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November 17, 1986
Security-Columbian/United States Bank Note Company
12" (w) by 8" (h)
In 1971, Nolan Bushnell and Ted Dabney founded an engineering firm, Syzygy Engineering, that designed and built Computer Space, the world's first arcade video game, for Nutting Associates. On June 27, 1972, Atari, Inc. was incorporated and soon hired Al Alcorn as their first design engineer. Bushnell decided to have Alcorn produce as a test of his abilities, an arcade version of the Magnavox Odyssey's Tennis game, which would be named Pong. While Bushnell incorporated Atari in June 1972, Syzygy Company was never formally incorporated. Before Atari's official incorporation, Bushnell wrote down several words from the game go, eventually choosing atari, a term which in the context of the game means a state where a stone or group of stones is imminently in danger of being taken by one's opponent. Atari was incorporated in the state of California on June 27, 1972.
In 1973, Atari secretly spawned a "competitor" called Kee Games, headed by Nolan's next door neighbor Joe Keenan, to circumvent pinball distributors' insistence on exclusive distribution deals; both Atari and Kee could market virtually the same game to different distributors, with each getting an "exclusive" deal. Though Kee's relationship to Atari was invented in 1974, Joe Keenan's management of the subsidiary led to him being promoted president of Atari that same year.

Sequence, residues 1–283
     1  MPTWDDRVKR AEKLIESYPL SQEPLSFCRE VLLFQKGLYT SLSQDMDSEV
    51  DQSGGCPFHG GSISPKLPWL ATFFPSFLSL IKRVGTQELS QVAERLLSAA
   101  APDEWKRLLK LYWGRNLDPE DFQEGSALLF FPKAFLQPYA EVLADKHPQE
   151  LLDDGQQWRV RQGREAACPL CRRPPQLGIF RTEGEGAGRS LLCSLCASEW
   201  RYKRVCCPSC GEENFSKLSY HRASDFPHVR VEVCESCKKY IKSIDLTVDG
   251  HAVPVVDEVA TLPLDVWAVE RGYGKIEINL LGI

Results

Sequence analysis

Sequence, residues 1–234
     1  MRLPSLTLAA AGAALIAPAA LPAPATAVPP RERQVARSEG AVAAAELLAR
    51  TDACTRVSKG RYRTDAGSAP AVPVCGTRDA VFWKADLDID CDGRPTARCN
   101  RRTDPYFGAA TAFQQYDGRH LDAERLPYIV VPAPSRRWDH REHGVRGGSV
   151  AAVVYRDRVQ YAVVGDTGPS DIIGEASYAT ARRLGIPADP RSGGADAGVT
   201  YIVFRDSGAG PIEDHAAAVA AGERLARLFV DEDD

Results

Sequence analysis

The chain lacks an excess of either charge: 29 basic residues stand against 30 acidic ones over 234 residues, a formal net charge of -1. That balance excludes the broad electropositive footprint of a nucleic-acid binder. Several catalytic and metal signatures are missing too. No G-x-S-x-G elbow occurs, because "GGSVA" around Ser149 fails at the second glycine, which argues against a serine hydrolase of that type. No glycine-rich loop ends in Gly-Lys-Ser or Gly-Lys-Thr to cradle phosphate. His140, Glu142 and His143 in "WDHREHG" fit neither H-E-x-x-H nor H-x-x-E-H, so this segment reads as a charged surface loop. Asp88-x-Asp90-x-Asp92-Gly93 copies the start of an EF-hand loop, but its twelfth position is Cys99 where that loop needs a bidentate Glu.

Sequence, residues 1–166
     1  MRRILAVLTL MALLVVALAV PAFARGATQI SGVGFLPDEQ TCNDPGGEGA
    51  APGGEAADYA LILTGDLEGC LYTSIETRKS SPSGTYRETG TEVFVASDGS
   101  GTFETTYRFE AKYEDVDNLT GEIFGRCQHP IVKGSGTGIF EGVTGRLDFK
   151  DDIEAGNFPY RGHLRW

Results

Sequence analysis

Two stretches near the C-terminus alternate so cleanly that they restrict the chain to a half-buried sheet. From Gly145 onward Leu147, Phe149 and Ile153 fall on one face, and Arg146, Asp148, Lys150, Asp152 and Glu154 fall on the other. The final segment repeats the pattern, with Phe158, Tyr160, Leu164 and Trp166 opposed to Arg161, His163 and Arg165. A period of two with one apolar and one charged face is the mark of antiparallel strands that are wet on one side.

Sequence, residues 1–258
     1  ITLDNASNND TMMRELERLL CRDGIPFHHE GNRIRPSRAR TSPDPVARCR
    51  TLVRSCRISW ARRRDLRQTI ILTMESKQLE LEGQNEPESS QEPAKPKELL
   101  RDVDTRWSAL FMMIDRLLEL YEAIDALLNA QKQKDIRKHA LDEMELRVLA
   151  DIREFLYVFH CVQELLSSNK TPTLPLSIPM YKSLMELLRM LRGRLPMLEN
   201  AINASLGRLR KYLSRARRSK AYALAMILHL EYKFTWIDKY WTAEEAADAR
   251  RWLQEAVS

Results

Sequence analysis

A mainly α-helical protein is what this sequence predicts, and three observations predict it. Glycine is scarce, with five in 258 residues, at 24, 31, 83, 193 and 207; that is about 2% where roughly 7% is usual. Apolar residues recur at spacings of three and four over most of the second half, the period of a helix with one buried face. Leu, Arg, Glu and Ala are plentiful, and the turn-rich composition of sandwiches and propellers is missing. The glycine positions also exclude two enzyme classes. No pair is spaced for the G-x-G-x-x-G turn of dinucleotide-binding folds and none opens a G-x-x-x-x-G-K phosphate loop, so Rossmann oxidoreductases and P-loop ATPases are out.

In 1976, Bushnell, through a Grass Valley, CA. engineering firm—Cyan Engineering, started an effort to produce a flexible video game console that was capable of playing all four of Atari's then-current games. The result was the Atari Video Computer System, or "VCS" (Later renamed the Atari 2600 when the Atari 5200 was released). The initial release of the VCS cost $199 (equivalent to $829 in 2015) and included a console unit, two joysticks, a single pair of paddles, and the Combat cartridge. Bushnell knew he had another potential hit on his hands, but bringing the machine to market would be extremely expensive. Looking for outside investors, in 1976 Bushnell sold Atari to Warner Communications for an estimated $28–32 million, using part of the money to buy the Folgers Mansion. Nolan continued to have disagreements with Warner Management over the direction of the company, the discontinuing of the Pinball division and most importantly, he felt that the Atari 2600 should be discontinued. In 1978, the Kee Games brand was dropped. In December of that year during a heated argument between Nolan Bushnell and Manny Gerard, Bushnell was fired. "[W]e started fighting like cats and dogs. And then the wheels came off that fall. Warner claimed they fired me," recalled Bushnell. "I say I quit. It was a mutual separation."